Howard Lake-Waverly Herald, Feb. 11, 2002
Crowd peppers Howard Lake council over bank development
By Lynda Jensen
Two dozen people peppered city council members with questions about the bank development project during a public hearing at the Howard Lake City Council meeting Tuesday.
Questions arose during the hearing for the closing of a portion of Ninth Avenue.
Planning and zoning Chairman Jean Schmidt was in attendance, and asked the council about the premature vacation of the road.
"The city has already, in essence, vacated that property," she said, pointing out that even though the city was conducting a public hearing that very night for the closure of Ninth Avenue, that it already closed the street in the late fall.
At that time, the city closed the road, which did not require a public hearing. If the city had vacated the road, it would require a public hearing.
The closing caused Joe Drusch of Joe's Sport Shop to express concern about the impact on his business from the lack of access there during the winter months, especially in the middle of his expansion with a hardware addition.
The city decided to re-open the road until spring, however a problem arose when the red brick was laid down for the sidewalk shortly after, which prevented vehicles from driving over the area because the compaction ruins the brick bed. The road has been closed ever since.
City Administrator Doug Borglund indicated that the city only wanted to take advantage of some unusual generosity from the Minnesota Department of Transportation, when it offered to continue expensive curb and gutter work at that time, instead of waiting until the spring for the work to be done.
This saved the city from $8,000 to $10,000, Borglund said.
Schmidt also asked if the council discussed the closing with the fire department, since the fire trucks use that route for access.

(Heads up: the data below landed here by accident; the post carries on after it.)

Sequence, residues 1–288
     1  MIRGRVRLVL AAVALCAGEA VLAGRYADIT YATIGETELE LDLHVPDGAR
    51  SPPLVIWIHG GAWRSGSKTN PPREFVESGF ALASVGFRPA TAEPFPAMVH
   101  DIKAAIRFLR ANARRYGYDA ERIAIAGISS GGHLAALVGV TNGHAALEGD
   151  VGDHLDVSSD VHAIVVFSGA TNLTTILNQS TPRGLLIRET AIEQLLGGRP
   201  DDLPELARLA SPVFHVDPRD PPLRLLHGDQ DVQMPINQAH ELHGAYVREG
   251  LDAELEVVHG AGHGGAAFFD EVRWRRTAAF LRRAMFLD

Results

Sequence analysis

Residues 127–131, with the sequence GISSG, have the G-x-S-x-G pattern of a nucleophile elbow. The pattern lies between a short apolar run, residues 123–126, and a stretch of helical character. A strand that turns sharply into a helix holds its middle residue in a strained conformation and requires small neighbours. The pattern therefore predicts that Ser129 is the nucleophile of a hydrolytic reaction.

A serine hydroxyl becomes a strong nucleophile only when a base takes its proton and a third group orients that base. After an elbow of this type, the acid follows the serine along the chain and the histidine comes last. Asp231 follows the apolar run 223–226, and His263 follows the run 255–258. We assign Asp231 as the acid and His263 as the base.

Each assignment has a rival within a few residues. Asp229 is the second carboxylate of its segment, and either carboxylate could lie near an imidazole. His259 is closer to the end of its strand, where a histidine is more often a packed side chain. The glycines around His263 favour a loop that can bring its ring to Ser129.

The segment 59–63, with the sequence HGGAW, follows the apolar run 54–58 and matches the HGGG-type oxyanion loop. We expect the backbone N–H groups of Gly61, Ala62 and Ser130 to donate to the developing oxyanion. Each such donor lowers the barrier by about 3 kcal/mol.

Mayor Gerry Smith indicated that three council members were on the fire department and that someone had a casual conversation with one of the fire fighters.
In any event, the fire department can use alternate routes.
If two parking spots are eliminated past the clinic, the main pumper can go to the north, Councilor Shelly Reddemann said.
Resident Kent Confeld questioned the council's protocol regarding planning and zoning, since the commission did not see the bank development project until recently, Schmidt said.
In the council before Smith, it was decided that the city should not be in the real estate business, Gene Schmidt said.
Now, it appears the city is willing to pay top dollar for property, Gene Schmidt said.
Schmidt pointed toward the tax delinquent lot purchased by the city as part of the bank deal.
The vacant lot did not go for tax delinquency because the county did not do its job, Reddemann said. "The timing was off. We were on the list for that property," he said.
As for the amounts paid for each house, Smith underlined that the city wanted to treat everyone fairly, he said.
Resident Darrell Main questioned the judgement used about the development. "Has anybody looked down the road, past their nose?" he asked. "The city has the cart before the horse."
Main asked what would happen to the clinic down the road, if all did not go as planned.
"We could sell it, rent it, tear it down," Smith said. "The city will decide at that time," Reddemann added.
Resident Verdell Stenberg asked how much taxpayer money was going to be given toward the bank, which appeared to be the sentiment of many people there.
"The bank isn't getting a subsidy," Smith said.
Dollars being captured from the tax increment financing district at the bank development is like the city taking a long term mortgage out, and using the extra taxes from the TIF district to pay for the mortgage, said financial consultant Michele Hartman.
The "extra" tax money comes from revenue that would otherwise go to the school district and county, but since the city designated the area as a TIF district, this tax money is put back into the district for the city's use, she said.